Please use the code delimiters to show code and results - use the # button on the formatting toolbar, between the " (double quote) and <> buttons.

                          Please use the command -dataex- to show a representative sample of data; it is installed already if you have Stata 14.2 or 15.1, else you can install it by typing

                          Code:
                          ssc install dataex

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                          • #14
                            Hi Weiwen,

                            Are these codes the ones that you referred to save e(ll) of 100 draws:
                            forvalues seed = 16/35 { gsem (glucose insulin sspg <- _cons), lclass(C 5) /// startvalues(jitter, draws(1) seed(`seed')) emopts(iter(20)) matrix a = a \ e(ll) estimates store c5inv_`seed' } matrix list a
                            To me it saves 20 e(ll), rather than 100. Did I miss something here? Best, Mengmeng

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                            • #15
                              Originally posted by Weiwen Ng View Post

                              Mengmeng,

                              If you specify draws(k), Stata will draw a set of random start values k times. Each time, it will run the EM algorithm for the default 20 iterations (unless you specified fewer or more iterations), then pause and go to the next set of start values. That is, it only runs its EM algorithm. In practice, I don't think that most models will converge after the EM iterations alone. After k sets of random draws, it will choose the (interim) solution with the highest log-likelihood value, then continue its normal maximization procedure from there. So, the answer to your question is yes, but not 100% yes.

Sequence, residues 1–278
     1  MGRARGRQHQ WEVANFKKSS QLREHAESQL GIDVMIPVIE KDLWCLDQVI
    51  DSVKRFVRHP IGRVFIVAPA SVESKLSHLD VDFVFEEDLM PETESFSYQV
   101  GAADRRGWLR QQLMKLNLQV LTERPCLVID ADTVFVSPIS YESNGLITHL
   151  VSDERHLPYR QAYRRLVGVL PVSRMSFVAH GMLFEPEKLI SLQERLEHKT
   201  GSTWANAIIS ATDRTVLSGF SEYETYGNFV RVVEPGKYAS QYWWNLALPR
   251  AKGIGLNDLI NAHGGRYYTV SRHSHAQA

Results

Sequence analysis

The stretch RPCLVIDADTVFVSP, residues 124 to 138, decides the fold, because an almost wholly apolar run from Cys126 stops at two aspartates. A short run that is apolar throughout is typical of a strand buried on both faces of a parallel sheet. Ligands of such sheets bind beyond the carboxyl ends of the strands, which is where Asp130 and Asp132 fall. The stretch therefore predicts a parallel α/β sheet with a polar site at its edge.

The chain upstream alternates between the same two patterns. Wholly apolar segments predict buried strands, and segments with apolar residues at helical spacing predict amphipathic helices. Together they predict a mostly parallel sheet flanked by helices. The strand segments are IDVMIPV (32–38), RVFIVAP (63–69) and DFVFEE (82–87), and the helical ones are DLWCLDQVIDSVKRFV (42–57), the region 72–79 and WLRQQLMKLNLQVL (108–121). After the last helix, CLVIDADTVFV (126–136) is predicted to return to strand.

I think that with a complex model (e.g. 5 or more latent classes), it may be better to set k to as many as 100 draws. I believe that MPlus and the R package polca both default to 100 draws (when you invoke the random draws option), and if you read Masyn's chapter, she does recommend "a minimum of 50-100 sets of extensively, randomly varied starting values".

                              The code I wrote above saves the final parameter estimates and the log likelihoods of all the 100 random draws. This enables you to go back and inspect the results, and to verify how many random draws end up at the highest log likelihood. I believe that MPlus, polca, and the Penn State University Stata plugin enable this. Stata will not save the results if you just use the draws(k) option. As described above, Stata won't fully fit the models models it tries under the random draws option (it only runs the EM algorithm, which rarely results in full convergence). I do not know how important it is to inspect how many sets of start values converged at the highest log likelihood. Masyn clearly recommends it (see page 565 of her chapter).

                              Side note: you didn't ask, but when you say startvalues(randomid, ...), I think that Stata assigns each observation to a random latent class, and I think that its start values are defined by the randomly-generated latent classes. You could also specify the jitter option - I think this obtains start values under the default option, then adds random noise specified by the jitter option - or the randompr option (assigns each observation to each class with a randomly chosen probability). I do not know which option produces higher variance in the start values.
                              I just tried the codes, and seems if I specify 100 different seed values, like the following:

                              forvalue seed = 12345/12446 {
                              gsem (glucose insulin sspg <- _cons), lclass(C 5) /// startvalues(jitter, draws(100) seed(`seed')) emopts(iter(20)
                              matrix a = a \ e(ll)
                              estimates store c5_`seed'
                              }
                              matrix list a

                              The matrix will pull out all 100 e(ll). But it seems 100 e(ll) are from 100 different seed values, but necessarily 100 sets of start values. Am I correct? So I am still confused how to write codes to store all e(ll) from all random draws.

                              Last edited by Mengmeng Li; 23 Feb 2019, 13:04.